This interaction captures the complexity of children’s voices. As a researcher, I was attentive to the different, contradictory, and multi-layered voices being produced by children. These were being created contextually and served as a reminder that there was no singular truth and I was (re)presenting their lives and context through these multiple voices. Therefore, I had to constantly pay attention, as children’s conversations would depend on the spaces they interacted with, situations and people they were surrounded by, and the time of the day. I was listening to these voices through their languages, bodies, gestures, expressions, and silences.
Incidents such as these also encouraged me to engage with the power-asymmetries between adults and children and in assessing the role of power in producing different kinds of knowledge and ‘truth’ (Christensen, 2004). By acknowledging and considering the power relations in the field, that children had with each other and concerning the researcher also helped me think of more effective ways of listening to children and ways of representing their perspectives.
To overcome this dilemma of authentic voice, along with observations and conversations, I included visual methods – drawings – as creative ways for representing voice. Through using drawings with children to understand their everyday routines, I was able to get their unique perspectives and insights. Initially, the children were shy and not confident of their drawings. As the fieldwork progressed, their interest grew. In one activity, I asked the children to illustrate ‘four things I do daily’. Four girls and a boy were sitting in a group while drawing. The boy, on his sheet, drew a picture of a girl carrying water from the well. He possibly copied the other girls around him or drew a girl as he had mostly seen girls fetch water. The drawings and children’s discussions around these helped develop a more complex understanding of gender roles in the village.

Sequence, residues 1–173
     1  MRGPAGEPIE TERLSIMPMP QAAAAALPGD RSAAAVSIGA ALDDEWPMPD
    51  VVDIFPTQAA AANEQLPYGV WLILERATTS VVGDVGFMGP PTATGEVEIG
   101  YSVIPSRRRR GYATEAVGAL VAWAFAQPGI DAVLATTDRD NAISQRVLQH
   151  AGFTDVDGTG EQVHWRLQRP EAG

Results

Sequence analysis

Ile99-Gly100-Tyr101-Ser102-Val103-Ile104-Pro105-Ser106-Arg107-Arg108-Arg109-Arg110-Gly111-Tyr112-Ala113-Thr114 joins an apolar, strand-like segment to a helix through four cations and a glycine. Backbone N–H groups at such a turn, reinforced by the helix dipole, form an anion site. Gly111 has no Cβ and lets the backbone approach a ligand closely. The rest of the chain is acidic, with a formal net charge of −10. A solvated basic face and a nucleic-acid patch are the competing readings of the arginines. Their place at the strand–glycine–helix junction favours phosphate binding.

Spending extensive time in the field helped me explore children’s perspectives on different issues, and a diverse range of responses helped me develop a complex understanding. I paid attention to their immediate social worlds and how their everyday lives were being shaped and re-shaped through globalisation, political and economic conditions (Katz, 2004; Boyden, 1997). In my work, I was mindful to not only focus on their particular voice but multiple and contradictory voice(s). Though as a researcher, I also maintained the humility to recognise that I was not always able to understand and interpret all voices.
Abebe, T. 2009. Multiple methods, complex dilemmas: negotiating socio-ethical spaces in participatory research with disadvantaged children. Children’s Geographies. 7(4), pp.51-465.
Alderson, P. 2001. Research by children. International Journal of Social Research Methodology, 4(2), pp.139-153.
Boyden, J. 1997. Childhood and the policy makers: A comparative perspective on the Globalization of Childhood. In: James, A. and Prout, A. Constructing and reconstructing childhood: Contemporary issues in the sociological study of Childhood. London: Falmer Press.
Christensen, P. 2004. Children’s participation in ethnographic research: issues of power and representation. Children and Society. 18, pp.165-176.
James, A., Jenks, C. and Prout, A. 1998. Theorising childhood. Cambridge: Polity Press.
Katz, C. 2004. Growing up global: Economic restructuring and children’s everyday lives. Minneapolis: Minnesota Press.
Kellett, M. 2010. Rethinking children and research: Attitudes in contemporary society. London: Continuum.
Morrow, V. 2008 Ethical dilemmas in research with children and young people about their social environments. Children’s Geographies. 6(1), pp.49-61.
Spyrou, S. 2011. The limits of children’s voices: From authenticity to critical, reflexive representation. Childhood. 18(2), pp.151-65.
Ambika Kapoor is pursuing her PhD at the University of Leeds, UK. Her research explores children's experiences with agency in an indigenous community in Chhattisgarh, India. Her areas of interest include ethnography, childhood geographies, relationality and issues of social justice.